Dimensional accuracy in 3D printing refers to how closely the measurements in your CAD design match those of the part once it’s printed. It’s a key consideration if your components need to fit together precisely or if you’re manufacturing sizable assemblies.
Many factors can positively (or adversely) affect the dimensional accuracy of your 3D printed parts, including the quality of your filament, thermal contraction and/or over- or under-extrusion (for
FDM specifically). Other factors, including the quality of the machine, machine calibration, quality of resin and post-processing, can also affect the dimensional accuracy of your parts.
When it comes to achieving dimensional accuracy, each additive manufacturing technology has its strengths and weaknesses. The two most important factors that govern whether your printed part will match its design specifications, apart from the technology itself, are its design and materials.
In this article, we’ll compare the expected dimensional accuracy of the 3D printing technologies we offer to help designers and engineers choose the right solution for their applications.
How do materials affect dimensional accuracy?
Accuracy in 3D printing depends in part on the materials you use. In many cases, enhancing specific material properties will mean sacrificing accuracy. For instance, a standard
SLA resin will produce more dimensionally accurate parts than a flexible resin.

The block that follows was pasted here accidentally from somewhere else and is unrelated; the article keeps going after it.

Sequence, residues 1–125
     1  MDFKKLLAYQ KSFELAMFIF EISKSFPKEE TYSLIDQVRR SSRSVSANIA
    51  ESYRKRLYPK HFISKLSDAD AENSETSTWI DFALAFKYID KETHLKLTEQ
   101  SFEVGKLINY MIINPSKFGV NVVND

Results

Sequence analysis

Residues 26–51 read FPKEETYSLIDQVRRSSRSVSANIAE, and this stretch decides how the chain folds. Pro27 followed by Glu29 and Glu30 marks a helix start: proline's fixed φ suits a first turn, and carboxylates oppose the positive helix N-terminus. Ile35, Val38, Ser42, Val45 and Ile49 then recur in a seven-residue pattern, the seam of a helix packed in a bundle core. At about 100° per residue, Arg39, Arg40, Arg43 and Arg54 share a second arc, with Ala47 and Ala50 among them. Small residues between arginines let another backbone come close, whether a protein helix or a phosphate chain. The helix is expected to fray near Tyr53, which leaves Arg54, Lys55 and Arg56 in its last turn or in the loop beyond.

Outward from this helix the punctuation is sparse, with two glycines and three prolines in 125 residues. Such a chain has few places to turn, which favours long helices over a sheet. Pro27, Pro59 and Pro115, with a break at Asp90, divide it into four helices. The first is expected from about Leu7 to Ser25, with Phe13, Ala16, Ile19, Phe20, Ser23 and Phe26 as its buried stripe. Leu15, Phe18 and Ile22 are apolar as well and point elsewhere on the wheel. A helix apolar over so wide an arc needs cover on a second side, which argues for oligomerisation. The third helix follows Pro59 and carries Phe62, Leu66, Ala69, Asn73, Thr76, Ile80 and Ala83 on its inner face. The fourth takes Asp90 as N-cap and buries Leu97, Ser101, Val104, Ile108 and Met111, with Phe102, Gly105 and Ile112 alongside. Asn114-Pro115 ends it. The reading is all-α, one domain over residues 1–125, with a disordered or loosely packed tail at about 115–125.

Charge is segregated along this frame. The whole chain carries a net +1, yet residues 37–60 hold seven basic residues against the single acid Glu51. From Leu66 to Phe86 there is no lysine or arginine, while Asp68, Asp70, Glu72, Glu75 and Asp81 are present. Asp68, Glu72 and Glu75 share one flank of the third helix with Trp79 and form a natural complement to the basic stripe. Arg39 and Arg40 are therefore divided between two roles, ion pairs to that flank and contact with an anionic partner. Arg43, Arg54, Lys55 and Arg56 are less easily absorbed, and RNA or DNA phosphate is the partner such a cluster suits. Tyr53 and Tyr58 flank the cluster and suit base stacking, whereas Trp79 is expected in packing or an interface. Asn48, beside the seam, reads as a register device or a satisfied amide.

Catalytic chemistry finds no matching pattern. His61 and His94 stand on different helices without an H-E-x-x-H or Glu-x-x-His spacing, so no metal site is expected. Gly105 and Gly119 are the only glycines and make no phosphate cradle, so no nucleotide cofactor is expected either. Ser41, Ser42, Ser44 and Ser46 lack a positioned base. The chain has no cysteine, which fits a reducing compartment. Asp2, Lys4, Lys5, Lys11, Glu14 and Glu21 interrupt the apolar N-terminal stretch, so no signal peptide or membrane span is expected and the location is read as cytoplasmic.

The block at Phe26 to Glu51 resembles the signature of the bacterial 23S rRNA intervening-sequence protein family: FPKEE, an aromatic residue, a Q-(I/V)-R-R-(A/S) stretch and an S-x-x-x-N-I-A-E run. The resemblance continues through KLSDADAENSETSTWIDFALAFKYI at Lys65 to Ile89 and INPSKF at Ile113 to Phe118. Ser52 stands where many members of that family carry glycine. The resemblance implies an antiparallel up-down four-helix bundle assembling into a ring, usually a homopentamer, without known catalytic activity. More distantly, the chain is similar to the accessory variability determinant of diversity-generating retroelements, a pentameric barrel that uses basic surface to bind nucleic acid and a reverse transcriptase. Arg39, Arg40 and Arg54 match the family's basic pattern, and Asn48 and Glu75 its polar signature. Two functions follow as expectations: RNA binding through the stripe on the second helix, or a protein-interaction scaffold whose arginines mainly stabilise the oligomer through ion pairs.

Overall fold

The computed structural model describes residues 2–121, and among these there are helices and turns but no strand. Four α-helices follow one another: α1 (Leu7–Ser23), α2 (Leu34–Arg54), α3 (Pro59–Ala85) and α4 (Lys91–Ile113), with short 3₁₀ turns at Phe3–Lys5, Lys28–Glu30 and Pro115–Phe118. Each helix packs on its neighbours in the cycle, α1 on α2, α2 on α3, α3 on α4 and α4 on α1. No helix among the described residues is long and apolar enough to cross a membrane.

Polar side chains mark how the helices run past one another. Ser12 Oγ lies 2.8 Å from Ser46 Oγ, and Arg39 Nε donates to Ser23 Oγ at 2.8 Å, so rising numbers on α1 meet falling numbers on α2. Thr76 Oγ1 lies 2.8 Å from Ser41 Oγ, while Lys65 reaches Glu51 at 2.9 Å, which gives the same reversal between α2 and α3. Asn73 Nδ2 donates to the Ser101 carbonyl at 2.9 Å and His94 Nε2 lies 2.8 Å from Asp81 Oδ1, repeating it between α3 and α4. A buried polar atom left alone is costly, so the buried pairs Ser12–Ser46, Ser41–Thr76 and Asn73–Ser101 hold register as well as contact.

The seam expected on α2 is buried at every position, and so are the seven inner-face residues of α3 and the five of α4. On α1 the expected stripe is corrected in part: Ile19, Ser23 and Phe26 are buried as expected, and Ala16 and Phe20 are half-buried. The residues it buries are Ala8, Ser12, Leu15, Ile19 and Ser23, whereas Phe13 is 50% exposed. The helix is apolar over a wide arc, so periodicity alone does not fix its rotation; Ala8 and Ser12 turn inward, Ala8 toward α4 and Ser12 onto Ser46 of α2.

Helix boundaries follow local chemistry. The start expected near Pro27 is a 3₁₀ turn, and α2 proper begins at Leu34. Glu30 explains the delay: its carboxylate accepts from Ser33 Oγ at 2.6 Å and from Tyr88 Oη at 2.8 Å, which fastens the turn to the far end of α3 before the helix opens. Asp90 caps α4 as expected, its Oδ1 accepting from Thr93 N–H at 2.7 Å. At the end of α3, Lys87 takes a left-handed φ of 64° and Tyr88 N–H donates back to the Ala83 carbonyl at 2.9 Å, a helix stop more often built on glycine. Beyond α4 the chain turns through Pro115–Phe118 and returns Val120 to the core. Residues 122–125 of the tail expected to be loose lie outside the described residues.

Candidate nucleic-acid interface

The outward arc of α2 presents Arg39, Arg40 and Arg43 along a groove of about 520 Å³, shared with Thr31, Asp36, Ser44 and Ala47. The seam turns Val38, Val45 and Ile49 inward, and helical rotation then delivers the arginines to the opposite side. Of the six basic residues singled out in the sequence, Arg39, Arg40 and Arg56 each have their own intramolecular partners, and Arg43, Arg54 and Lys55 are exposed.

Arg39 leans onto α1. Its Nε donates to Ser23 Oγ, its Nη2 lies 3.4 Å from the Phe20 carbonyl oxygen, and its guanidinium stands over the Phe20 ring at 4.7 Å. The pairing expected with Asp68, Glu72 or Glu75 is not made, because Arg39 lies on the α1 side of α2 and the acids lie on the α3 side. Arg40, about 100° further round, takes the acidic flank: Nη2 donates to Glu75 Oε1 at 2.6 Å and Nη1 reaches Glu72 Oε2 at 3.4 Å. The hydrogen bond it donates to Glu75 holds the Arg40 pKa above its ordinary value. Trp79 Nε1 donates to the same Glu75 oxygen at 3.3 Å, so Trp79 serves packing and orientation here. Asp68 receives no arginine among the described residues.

For parts where high accuracy is critical, we recommend you use standard printing materials. High-quality, industrial materials, such as
Nylon and Ultem, are both strong and accurate will be more expensive.
How do you measure dimensional accuracy in 3D printing?
To quantify the dimensional accuracy of 3D printed parts, we use the following parameters.
Dimensional tolerance- quantitative values from machine manufacturers and material suppliers that state the expected accuracy of parts. These are defined with respect to well-designed parts on well-calibrated machines.
Warping or shrinkage - the likelihood a part will warp or shrink while printing. While design plays a big role in determining whether parts will warp or shrink, some processes are inherently more prone to warping or shrinkage than others.
Support requirements - for many 3D printing technologies, the number of supports you have to remove after printing will affect the accuracy of a part’s surfaces and features.
Dimensional accuracy of FDM 3D printing